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Dunelm Records


Music for Brass and Percussion – 2
Arvo PÄRT (b. 1935)
Arbos (1977 rev. 1986) [2:20]
Giovanni GABRIELI (c. 1557-1612)
Canzon Duodecimi Toni à 10 (No.4) (1597 edition) [3:43]
Sonata Pian'e Forte (1597 edition) [3:59]
Canzon in Double Echo (attributed to Gabrieli) [3:35]
Robert SIMPSON (1921-1997)
The Four Temperaments (1982) [21:27]
Henry PURCELL (1659-1695)
Symphony from Act IV of the Fairy Queen (1692) [5:55]
Modest MUSSORGSKY (1839-1881) arr. Elgar HOWARTH (b. 1935)
Pictures at an Exhibition (1874) [30:14]
Kensington Symphonic Brass/Russell Keable
rec. live, Holy Trinity, Kensington, 31 March 1995. DDD
Music for Brass and Percussion – 3
Michael TIPPETT (1905-1998)
Fanfare for Brass No.1 (1943) [2:20]
Giovanni GABRIELI (c. 1557-1612)
Canzon XXVIII (1608 edition) [1:33]
Canzon XIII (1615 edition) [2:30]
Malcolm ARNOLD (b.1921)
Symphony for Brass, Op.123 (1979) [22:39]
Aaron COPLAND (1900-1990)
Ceremonial Fanfare (1969) [4:02]
Paul HINDEMITH (1895-1963)
Morgenmusik (1932) [4:25]
George Frederic HANDEL (1685-1759) arr. Elgar HOWARTH (b. 1935)
Music for the Royal Fireworks (1749) [17:21]
Kensington Symphonic Brass/Russell Keable
rec. live, Holy Trinity, Kensington, 29 March 1996. DDD

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These are the second and third of four CDs of concerts given by Kensington Symphonic Brass during the 1990s.  The first volume in this series was well received in these pages (see review).

Volume 2, however, is a disappointment.  There is nothing terribly wrong with the playing for the first part of the programme, occasional fluffs and guffs notwithstanding.  Kensington Symphonic Brass dispatch Pärt's opening fanfare with relative ease.  The ubiquitous canzoni by Gabrieli also receive decent, though unmemorable performances.  Frankly, if you want Gabrieli, you should look elsewhere.  The LSO brass on Naxos, for example, or the Cleveland and Boston brass on Sony.  The Purcell item is an anachronistic curiosity, but nothing more.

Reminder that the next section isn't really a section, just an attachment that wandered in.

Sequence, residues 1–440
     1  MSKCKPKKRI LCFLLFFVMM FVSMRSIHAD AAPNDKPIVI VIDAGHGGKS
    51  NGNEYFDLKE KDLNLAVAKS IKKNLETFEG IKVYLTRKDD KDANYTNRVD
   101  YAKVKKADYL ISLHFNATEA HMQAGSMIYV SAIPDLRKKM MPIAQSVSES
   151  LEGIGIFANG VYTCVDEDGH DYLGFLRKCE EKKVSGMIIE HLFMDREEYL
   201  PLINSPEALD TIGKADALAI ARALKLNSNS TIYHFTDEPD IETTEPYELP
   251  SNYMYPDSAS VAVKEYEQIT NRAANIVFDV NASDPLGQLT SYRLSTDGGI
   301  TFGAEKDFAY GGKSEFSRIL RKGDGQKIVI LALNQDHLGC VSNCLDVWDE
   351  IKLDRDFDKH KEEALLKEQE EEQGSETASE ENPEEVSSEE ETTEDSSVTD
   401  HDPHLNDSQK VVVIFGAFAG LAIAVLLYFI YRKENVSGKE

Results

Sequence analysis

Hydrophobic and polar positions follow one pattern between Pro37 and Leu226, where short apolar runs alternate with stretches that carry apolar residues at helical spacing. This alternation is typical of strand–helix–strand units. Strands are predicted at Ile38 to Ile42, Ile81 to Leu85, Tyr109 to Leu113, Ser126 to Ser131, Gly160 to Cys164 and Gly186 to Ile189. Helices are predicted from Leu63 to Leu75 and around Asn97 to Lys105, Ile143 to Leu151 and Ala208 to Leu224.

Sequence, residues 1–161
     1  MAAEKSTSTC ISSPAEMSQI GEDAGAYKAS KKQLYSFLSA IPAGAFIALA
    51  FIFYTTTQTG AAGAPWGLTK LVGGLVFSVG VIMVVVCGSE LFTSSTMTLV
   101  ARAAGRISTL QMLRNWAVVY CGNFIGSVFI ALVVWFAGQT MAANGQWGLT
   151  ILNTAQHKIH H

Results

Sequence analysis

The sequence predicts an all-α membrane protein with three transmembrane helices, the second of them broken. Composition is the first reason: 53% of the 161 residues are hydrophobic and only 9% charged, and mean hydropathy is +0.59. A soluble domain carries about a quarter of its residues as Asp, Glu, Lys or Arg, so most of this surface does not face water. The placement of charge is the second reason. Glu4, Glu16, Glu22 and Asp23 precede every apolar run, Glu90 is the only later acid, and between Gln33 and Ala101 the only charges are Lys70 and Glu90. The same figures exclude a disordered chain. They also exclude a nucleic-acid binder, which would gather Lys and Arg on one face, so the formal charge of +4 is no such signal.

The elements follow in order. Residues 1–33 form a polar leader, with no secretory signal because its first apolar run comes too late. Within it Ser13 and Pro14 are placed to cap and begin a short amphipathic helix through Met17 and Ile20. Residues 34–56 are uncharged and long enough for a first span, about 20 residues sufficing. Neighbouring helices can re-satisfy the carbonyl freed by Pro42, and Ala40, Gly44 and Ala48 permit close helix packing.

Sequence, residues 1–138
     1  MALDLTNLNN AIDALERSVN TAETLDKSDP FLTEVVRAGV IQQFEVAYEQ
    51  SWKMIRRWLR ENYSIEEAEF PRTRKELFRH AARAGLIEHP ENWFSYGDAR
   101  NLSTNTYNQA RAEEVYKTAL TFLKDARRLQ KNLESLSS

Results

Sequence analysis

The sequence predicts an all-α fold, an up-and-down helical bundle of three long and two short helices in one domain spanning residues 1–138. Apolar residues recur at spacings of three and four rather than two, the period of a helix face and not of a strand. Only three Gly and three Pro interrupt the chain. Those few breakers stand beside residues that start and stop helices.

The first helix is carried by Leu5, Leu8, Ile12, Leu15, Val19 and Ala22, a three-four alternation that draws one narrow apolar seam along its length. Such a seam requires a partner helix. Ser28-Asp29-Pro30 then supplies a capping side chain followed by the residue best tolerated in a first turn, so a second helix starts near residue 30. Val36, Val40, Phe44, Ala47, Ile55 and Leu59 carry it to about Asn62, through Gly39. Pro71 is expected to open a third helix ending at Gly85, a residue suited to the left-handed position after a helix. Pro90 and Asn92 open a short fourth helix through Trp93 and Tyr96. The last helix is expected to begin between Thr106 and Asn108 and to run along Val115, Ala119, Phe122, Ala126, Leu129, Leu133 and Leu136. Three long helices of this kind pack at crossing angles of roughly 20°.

There is one item of real interest on this disc - Simpson's Four Temperaments.  Originally written for brass band, it was rearranged by the composer for symphonic brass ensemble at the instigation of Howard Snell.  This is a serious piece and one well worth hearing.  Simpson's scoring has everything you could ask for in a composition for brass: brilliant writing for trumpet, technical fireworks, irregular rhythmic figures and (in the 'melancholic' third movement) some moving and soulful passages.  Simpson also references one of his idols, Carl Nielsen.  The title of the work and its illustration in four movements of the four temperaments of human personality wink at Nielsen's second symphony.  The vigorous snare drumming and timpani thumping that tries (and fails) to upset the 'phlegmatic' second movement recall the Danish composer's fourth and fifth symphonies.